Part III, “Stochastic integrals”, is devoted to probability space of white noise. The author comes from the general things to particular, i.e. he considers white noise stochastic integrals as divergences, constructs Itô-Wiener multiple integrals, presents Zakai-Nualart-Pardoux version of Skorokhod integral and then goes to Itô’s theory of stochastic integration, probability space of Brownian motion and its filtration, chaos expansion in terms of iterated Itô stochastic integrals and other more or less traditional subjects.

Part IV, “Stochastic differential equations”, demonstrates the following approach to the subject: the theory of stochastic differential equations (SDE) is a limiting case of the theory of ordinary differential equations (ODE). The approximating ODE are constructed from the control map. In its turn, control map is generated by the driving vector fields and its structure depends upon the Lie algebra generated by these fields. The main limit theorem states that the Itô map is the limit of control map, and the existence theorem for SDE is obtained as a by-product of limit theorem, in the same way as principle of transfer from ODE to SDE. This principle permits to differentiate the solution of SDE according to its initial value. Reduced variation, Bismut identity and Hörmander hypoellipticity under degenerate hypotheses are considered.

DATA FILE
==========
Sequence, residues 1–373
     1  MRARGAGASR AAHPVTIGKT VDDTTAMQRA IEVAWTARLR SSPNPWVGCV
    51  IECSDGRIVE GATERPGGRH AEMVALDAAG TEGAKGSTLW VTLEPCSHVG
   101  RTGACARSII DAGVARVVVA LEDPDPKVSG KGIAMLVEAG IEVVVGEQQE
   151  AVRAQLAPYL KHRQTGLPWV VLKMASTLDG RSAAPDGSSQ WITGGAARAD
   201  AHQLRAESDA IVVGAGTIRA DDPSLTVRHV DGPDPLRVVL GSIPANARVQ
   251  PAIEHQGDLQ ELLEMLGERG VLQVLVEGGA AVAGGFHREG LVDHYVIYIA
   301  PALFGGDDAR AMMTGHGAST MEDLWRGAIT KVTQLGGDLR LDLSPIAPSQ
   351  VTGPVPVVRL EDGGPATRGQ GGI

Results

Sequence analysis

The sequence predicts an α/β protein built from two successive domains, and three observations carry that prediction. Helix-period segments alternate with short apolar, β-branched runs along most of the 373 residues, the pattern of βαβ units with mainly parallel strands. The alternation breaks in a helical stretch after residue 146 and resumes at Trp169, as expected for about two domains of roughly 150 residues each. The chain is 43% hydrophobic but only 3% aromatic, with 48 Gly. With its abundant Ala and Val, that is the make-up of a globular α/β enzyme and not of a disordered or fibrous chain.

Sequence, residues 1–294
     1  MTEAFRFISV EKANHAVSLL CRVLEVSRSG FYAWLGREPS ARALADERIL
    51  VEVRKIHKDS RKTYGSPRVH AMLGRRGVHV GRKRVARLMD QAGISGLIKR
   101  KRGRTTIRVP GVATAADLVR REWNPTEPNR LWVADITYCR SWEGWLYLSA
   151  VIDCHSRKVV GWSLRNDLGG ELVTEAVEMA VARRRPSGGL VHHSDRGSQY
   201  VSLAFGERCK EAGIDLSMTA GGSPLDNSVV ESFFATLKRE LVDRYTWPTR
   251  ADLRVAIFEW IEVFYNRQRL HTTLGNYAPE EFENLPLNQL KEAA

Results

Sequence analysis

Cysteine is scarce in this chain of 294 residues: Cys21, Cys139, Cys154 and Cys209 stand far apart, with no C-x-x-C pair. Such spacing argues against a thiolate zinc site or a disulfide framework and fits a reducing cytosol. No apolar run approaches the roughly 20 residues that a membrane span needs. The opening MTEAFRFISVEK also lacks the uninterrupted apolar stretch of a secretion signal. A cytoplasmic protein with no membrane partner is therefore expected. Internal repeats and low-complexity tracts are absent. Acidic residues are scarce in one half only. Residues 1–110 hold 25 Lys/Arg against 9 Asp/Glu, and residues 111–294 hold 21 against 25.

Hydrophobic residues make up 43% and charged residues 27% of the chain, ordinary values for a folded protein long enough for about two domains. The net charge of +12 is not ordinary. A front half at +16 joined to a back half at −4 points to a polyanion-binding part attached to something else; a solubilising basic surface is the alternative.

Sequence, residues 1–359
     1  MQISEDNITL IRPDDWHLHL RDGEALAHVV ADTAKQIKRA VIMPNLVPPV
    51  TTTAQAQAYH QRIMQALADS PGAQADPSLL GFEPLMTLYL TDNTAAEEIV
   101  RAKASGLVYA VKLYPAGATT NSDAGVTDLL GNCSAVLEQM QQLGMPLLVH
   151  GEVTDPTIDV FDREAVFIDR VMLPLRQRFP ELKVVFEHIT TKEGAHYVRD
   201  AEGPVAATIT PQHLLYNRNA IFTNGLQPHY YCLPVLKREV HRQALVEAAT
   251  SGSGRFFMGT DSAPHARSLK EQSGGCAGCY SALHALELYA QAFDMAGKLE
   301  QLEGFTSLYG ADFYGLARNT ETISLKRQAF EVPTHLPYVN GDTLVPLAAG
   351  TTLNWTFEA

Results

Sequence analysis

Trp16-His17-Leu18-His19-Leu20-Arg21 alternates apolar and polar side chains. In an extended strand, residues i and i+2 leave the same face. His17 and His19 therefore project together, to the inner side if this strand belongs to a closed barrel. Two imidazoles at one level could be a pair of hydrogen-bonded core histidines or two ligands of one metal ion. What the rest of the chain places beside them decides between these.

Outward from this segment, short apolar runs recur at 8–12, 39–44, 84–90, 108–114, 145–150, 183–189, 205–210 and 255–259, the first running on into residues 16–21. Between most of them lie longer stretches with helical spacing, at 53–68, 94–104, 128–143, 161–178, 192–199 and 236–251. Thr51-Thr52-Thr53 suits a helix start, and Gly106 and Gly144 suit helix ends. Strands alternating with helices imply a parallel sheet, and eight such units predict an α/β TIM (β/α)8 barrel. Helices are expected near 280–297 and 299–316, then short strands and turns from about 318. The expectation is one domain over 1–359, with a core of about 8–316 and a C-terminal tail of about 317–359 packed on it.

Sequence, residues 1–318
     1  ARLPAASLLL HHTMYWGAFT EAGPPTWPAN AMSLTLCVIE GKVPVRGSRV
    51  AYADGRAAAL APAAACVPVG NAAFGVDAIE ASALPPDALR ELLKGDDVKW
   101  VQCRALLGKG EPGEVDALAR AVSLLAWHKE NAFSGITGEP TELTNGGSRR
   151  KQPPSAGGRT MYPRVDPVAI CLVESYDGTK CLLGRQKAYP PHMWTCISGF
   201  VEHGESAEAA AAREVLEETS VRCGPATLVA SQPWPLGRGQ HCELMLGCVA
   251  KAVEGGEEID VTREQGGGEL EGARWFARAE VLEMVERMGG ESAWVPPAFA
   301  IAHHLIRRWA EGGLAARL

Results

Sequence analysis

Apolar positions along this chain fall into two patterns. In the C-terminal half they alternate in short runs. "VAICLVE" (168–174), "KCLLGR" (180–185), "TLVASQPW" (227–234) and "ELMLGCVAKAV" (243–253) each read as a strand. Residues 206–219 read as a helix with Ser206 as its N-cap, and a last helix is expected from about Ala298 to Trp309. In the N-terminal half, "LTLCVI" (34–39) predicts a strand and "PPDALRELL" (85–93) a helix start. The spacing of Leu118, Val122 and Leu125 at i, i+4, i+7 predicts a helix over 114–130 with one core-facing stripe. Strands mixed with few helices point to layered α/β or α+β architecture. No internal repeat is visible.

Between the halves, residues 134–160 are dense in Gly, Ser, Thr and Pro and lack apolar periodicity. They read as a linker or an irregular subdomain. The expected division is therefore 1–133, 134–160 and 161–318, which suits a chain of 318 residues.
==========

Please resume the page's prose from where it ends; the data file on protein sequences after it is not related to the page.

Part V, “Stochastic analysis in infinite dimensions”, deals, in particular, with Ornstein-Uhlenbeck flow, that is considered first on a finite-dimensional Gaussian space and is translated then to an abstract Wiener space. Path spaces and their tangent spaces are studied in the last chapter.

In general, the book contains multitude of concepts, notions, ideas and deep relations between them. It is rather interesting for reading, especially due to nonstandard approach to well-known subjects and clear description of unknown ones.

Reviewer: Yu.S.Mishura (Kiev)

##### MSC:

60-02 | Research exposition (monographs, survey articles) pertaining to probability theory |

60H07 | Stochastic calculus of variations and the Malliavin calculus |

60G15 | Gaussian processes |

60H05 | Stochastic integrals |

60H30 | Applications of stochastic analysis (to PDEs, etc.) |

60J45 | Probabilistic potential theory |